Secondly, we investigate an EH two-hop scenario in which an EH transmitter communicates with a receiver via an EH relay. For this purpose, we consider the main relaying strategies, namely, decode-and-forward and amplify-and-forward. Furthermore, we consider both, the transmit power and the energy consumed by the circuit in each of the EH nodes. For the EH decode-and-forward relay, we formulate the power allocation problem for throughput maximization and consider an offline approach to find the optimum power allocation policy. We show that the optimal power allocation policies of both nodes, transmitter and relay, depend on each other. Additionally, following a learning approach, we investigate a more realistic scenario in which the EH transmitter and the EH decode-and-forward relay have only partial and causal knowledge about the system dynamics, i.e., each node has only causal knowledge about the EH, data arrival and channel fading processes associated to it. To this aim, two novel learning algorithms are proposed which take into account whether or not the EH nodes cooperate with each other to improve their learning processes. For the cooperative case, we propose the inclusion of a signaling phase in which the EH nodes exchange their current parameters. Through numerical simulations, we show that by providing the nodes with a complete view of the system state in a signaling phase, a performance gain of up to 40% can be achieved compared to the case when no cooperation is considered. Following a similar procedure, we investigate the EH two-hop scenario with an EH amplify-and-forward relay. We show that the resulting power allocation problem for throughput maximization is non-convex. Consequently, we propose an offline approach based on a branch-and-bound algorithm tailored to the EH two-hop scenario to find the optimal power allocation policy. Additionally, a centralized learning algorithm is proposed for the realistic case in which only causal knowledge of the system dynamics is available. The proposed learning approach exploits the fact that, with an amplify-andforward relay, the communication between the transmitter and the receiver depends in a single effective channel, which is composed of the link between the transmitter and the relay, the relay gain and the channel from the relay to the receiver. By means of numerical simulations, we show that the proposed learning algorithm achieves a performance up to two times higher than the performance achieved by reference schemes. Additionally, the extension of the proposed approaches to EH multi-hop scenarios is discussed.

Thirdly, an EH broadcast scenario in which an EH transmitter sends individual data to multiple receivers is studied. We show that the power allocation problem for throughput maximization in this scenario leads to a non-convex problem when an arbitrary number of receivers is considered. However, following an offline approach we find the optimal power allocation policy for the special case when two receivers are considered. Furthermore, inspired by the offline approach for two users, a novel learning approach which does not pose any restriction on the number of receiver nodes is developed. The proposed learning approach is a two-stage learning algorithm which separates the learning task into two subtasks: determining how much power to use in each time interval and deciding how to split this selected power for the transmission of the individual data intended for each receiver. Through numerical simulations, we show that the separation of tasks leads to a performance up to 40% higher than the one achieved by standard learning techniques, specially for large numbers of receivers.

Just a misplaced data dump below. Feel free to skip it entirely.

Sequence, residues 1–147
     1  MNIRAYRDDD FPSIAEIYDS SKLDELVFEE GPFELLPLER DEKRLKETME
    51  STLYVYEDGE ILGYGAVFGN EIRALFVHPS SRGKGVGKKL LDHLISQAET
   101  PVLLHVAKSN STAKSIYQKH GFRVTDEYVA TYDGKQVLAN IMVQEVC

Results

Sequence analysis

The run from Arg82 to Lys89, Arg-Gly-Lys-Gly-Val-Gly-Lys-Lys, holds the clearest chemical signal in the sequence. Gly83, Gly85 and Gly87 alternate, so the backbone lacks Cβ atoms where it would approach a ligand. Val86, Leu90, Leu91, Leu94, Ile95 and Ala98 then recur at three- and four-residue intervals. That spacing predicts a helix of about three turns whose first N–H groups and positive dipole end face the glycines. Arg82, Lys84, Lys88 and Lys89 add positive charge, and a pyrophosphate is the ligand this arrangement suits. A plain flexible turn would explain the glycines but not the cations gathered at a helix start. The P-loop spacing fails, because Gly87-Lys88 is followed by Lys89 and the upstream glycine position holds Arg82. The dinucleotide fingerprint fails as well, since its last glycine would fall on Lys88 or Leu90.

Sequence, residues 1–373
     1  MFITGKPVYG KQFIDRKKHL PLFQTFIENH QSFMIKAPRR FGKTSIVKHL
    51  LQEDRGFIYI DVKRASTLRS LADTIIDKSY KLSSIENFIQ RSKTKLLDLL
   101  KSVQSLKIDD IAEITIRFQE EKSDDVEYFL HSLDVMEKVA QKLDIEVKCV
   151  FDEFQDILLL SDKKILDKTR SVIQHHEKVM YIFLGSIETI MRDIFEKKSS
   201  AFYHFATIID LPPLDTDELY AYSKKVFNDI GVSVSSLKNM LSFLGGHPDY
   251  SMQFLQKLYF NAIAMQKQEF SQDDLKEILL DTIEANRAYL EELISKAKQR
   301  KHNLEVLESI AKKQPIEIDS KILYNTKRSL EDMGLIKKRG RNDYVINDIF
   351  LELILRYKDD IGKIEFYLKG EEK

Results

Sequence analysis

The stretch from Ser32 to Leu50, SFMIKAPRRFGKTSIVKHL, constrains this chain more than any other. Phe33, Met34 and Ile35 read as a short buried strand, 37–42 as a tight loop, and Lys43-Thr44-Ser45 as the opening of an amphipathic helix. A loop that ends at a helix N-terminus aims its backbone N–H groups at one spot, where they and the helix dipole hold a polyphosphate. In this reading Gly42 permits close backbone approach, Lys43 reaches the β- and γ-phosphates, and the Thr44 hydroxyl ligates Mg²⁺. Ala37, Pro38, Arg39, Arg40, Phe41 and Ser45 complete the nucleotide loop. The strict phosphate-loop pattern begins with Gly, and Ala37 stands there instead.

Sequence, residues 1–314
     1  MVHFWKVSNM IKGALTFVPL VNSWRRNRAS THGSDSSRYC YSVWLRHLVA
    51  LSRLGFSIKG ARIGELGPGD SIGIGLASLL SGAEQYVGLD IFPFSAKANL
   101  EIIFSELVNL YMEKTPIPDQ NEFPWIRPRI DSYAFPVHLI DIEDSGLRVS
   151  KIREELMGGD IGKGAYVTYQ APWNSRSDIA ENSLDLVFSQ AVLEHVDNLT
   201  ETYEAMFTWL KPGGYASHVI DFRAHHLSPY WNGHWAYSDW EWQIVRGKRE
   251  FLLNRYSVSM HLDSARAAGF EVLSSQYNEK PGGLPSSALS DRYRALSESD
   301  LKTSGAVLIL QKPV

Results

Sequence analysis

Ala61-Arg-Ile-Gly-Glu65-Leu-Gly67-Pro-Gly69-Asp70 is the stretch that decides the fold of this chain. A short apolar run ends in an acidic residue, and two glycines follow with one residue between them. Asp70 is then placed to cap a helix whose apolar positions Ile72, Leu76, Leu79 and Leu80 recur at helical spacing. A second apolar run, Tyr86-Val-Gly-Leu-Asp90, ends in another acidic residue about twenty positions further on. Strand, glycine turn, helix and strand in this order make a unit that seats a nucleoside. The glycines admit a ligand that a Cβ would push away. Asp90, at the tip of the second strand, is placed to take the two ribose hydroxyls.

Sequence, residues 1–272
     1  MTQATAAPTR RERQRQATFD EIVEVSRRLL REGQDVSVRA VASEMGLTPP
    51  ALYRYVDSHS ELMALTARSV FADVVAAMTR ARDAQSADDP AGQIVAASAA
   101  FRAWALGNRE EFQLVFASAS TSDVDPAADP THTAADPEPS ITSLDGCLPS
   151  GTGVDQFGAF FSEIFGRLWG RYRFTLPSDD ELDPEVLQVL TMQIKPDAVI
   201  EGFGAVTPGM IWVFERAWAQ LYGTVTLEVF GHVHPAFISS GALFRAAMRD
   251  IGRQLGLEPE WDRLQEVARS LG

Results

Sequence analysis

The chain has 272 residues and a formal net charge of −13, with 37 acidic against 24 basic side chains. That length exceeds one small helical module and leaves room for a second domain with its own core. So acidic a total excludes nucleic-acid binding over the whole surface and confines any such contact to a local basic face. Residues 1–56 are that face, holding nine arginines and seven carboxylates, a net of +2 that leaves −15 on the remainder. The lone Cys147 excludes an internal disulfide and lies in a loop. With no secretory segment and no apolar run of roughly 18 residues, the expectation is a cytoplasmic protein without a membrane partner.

Finally, an EH multiple access scenario is considered in which multiple EH transmitters communicate with a single receiver using multiple orthogonal resources. In this case, the focus is on the formulation of the resource allocation problem considering the EH processes at the different transmitters. We show that the resulting resource allocation problem falls into the category of non-linear knapsack problems which are known to be NP-hard. Therefore, we propose an offline approach based on dynamic programming to find the optimal solution. Furthermore, by exploiting the characteristics of the scenario, a novel learning approach is proposed which breaks the original resource allocation problem into smaller subproblems. As a result, it is able to handle the exponential growth of the space of possible solutions when the network size increases. Through numerical simulations, we show that in contrast to conventional reinforcement learning algorithms, the proposed learning approach is able to find the resource allocation policy that aims at maximizing the throughput when the network size is large. Furthermore, it achieves a performance up to 25% higher than the performance of the greedy policy that allocates the resources to the users with the best channel conditions.

Additionally, in order to carry out a full assessment of the proposed learning algorithms, we provide convergence guarantees and a computational complexity analysis for all the developed learning approaches in the four considered scenarios.